The agency also said it had advised financial filers to request expedited action before the shutdown.
But corporate America will now have to wait for the government to reopen in order to move ahead with things like initial public offerings and pending corporate mergers that need approvals from regulators.
“I have a client in registration right now for an M.&A. deal, and nothing is going on,” said Marc Leaf, a partner at Drinker Biddle & Reath in New York who used to work for the S.E.C. as an adviser to a commissioner.
Mr. Leaf also said so-called secondary stock offerings — which companies often rely on to raise cash — are paused. A dearth of those deals could create financial hardships for midsize public companies that have fewer financial resources to draw upon.
“If this it is not solved and goes on for weeks, there will be companies who are really slowed down in the public offering process,” Mr. Leaf said. “There is a lot of basic blocking and tackling that can’t get done, and that will impact a number of issuers.”
Deutsche Bank economists warned on Monday that the shutdown could also affect the Federal Reserve’s interest rate decisions by delaying the release of key economic data, like new home sales and durable goods orders. That delay “would significantly impair” economic forecasters’ ability to gauge growth, the economists wrote, and cloud decision-making for Fed officials who have emphasized “data dependence” in their policy decisions.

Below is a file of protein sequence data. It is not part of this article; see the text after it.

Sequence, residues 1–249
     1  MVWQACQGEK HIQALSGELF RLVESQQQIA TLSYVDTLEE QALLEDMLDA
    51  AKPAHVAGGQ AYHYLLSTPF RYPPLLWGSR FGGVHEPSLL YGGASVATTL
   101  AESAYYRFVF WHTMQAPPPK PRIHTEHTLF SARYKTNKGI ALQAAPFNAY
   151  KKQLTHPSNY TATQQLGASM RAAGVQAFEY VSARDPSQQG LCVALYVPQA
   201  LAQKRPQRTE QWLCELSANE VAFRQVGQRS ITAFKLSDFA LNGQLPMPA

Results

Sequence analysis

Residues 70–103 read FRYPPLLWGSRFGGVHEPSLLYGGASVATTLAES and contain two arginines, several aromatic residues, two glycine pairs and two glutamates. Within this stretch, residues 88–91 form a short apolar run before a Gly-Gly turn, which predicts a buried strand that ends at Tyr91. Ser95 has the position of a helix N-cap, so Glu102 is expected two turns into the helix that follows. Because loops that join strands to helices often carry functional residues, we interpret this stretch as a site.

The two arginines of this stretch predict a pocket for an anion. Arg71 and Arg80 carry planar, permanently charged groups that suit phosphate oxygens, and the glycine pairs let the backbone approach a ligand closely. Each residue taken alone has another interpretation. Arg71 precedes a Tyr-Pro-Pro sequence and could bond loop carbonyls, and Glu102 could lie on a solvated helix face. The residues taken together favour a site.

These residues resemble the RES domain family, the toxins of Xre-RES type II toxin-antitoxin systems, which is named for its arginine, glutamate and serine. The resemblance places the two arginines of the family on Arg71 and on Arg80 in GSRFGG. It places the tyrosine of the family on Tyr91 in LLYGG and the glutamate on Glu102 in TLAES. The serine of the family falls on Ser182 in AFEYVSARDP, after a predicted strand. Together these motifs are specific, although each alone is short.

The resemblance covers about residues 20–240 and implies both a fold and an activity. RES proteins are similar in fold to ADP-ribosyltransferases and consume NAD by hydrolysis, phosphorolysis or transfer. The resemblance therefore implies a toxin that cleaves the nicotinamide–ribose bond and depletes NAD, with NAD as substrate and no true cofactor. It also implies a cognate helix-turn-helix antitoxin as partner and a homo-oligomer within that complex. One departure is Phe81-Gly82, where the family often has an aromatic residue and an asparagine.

The biggest and most far-reaching effect of the shutdown looms on Feb. 1. Trump administration officials say that funding for the Supplemental Nutrition Assistance Program, or SNAP, which provides food benefits for about 40 million people, will run out of cash by the end of the month. The Agriculture Department has not made it clear how long it will be able to fund the program, which costs about $4.7 billion a month, but estimates by anti-hunger groups put the department’s reserves at $3 billion to $5 billion, meaning funding is more likely to completely run out in February or March.
Other food assistance programs are facing a more immediate cash crunch. The Special Supplemental Nutrition Program for Women, Infants and Children, known as WIC, has already been cut off, with state funds filling the gap as the shutdown drags on. WIC provides aid to an additional seven million low-income Americans who are considered to be at “nutritional risk.”